Before the visiting actor began his monologue, the crowd was warmed up by the singing of a few songs. A worship leader mounted the stage and called everyone to join him in singing a praise chorus. The keyboards began the intro and literally within mere seconds the two women next to me switched from a discussion of diapers to waving their arms, eyes closed—in apparent swoons of heavenly discourse and praise. I was stunned by the instantaneous transformation, and wondered just how authentic could have been their praise.
That's the easy path; it takes little effort to go through the public motions that will convince everyone around us of our holiness. What is a much greater challenge is to go through the private process that will actually produce in us the public validation of our close relationship to God.
First, however, we must convince ourselves that the learning of this unnatural habit will be worthwhile.
Before Moses began his service to God, it was required of him to get alone with God, to hear His voice and intentions.
Before the apostle Paul could begin His ministry for Jesus Christ, he had to get away for a period of instruction and preparation.
Even Jesus prepared for His own ministry in the solitude and privation of the desert, listening to the Holy Spirit—
Then Jesus was led up by the Spirit into the wilderness to be tempted by the devil. And after He had fasted forty days and forty nights, He then became hungry. (Matthew 4:1-2 nasbu)
—and periodically during His earthly ministry it was necessary for Jesus to get alone with God the Father.
But the news about Him was spreading even farther, and large crowds were gathering to hear Him and to be healed of their sicknesses. But Jesus Himself would often slip away to the wilderness and pray. (Luke 5:15-16 nasbu)
None of us can hope to sustain an authentic Christian walk without listening, on a regular basis, to the word of God.
The temporal view of accomplishing anything is with an agenda, an "action plan," date book and cellular phone. The quarry is success and the pursuit is executed with a ruthless passion. But the pursuit of God's voice is not such a sweaty exercise.
Years ago, while we were living in California, there was a favorite place of mine. It was a high outlook of huge, boulder-shaped rocks that offered a panoramic view of the desert floor far below. It was a high and windy place, scorched by the sun and blessed with an exquisite quietude. There one could sit quietly for hours, gazing out over the expanse, contemplating things more ultimately important than calendars and phone calls and freeways filled with cars. There one could listen to God.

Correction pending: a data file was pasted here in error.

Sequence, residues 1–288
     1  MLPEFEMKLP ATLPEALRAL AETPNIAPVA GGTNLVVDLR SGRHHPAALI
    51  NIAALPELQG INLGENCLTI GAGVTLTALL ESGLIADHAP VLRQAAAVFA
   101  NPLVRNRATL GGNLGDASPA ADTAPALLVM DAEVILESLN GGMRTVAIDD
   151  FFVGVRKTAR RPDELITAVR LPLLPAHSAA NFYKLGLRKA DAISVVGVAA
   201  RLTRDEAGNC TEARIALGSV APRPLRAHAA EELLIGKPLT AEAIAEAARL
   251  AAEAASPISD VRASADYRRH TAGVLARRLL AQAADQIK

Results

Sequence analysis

Where is your rock? Where is the place you go to listen to God and pursue eternal things? You say such benign activities are a waste of time? You say you haven't time in your busy schedule to come away and be quiet?
Jesus Christ had all of three years to change the world. In less time than it takes people to attend college, Jesus had to begin His ministry, find and teach His disciples, and change the world forever. Yet, under time constraints that would make an executive crazy with anxiety, He took time to go "sit on His rock."
And He said to them, "Come away by yourselves to a secluded place and rest a while." (For there were many people coming and going, and they did not even have time to eat.) They went away in the boat to a secluded place by themselves. (Mark 6:31-32 nasbu)
The goal, in communing with God, is to become like Christ; the method of listening to God is to behave like Christ.
Jesus understood the importance of quiet times with the Father. Where have we picked up the arrogance that says our activities take precedence over something that was so important to the Lord?
Go, find your rock. Spend time with the Lord on His terms.
Copyright 2005, David S. Lampel. All rights reserved.
The Journey: #069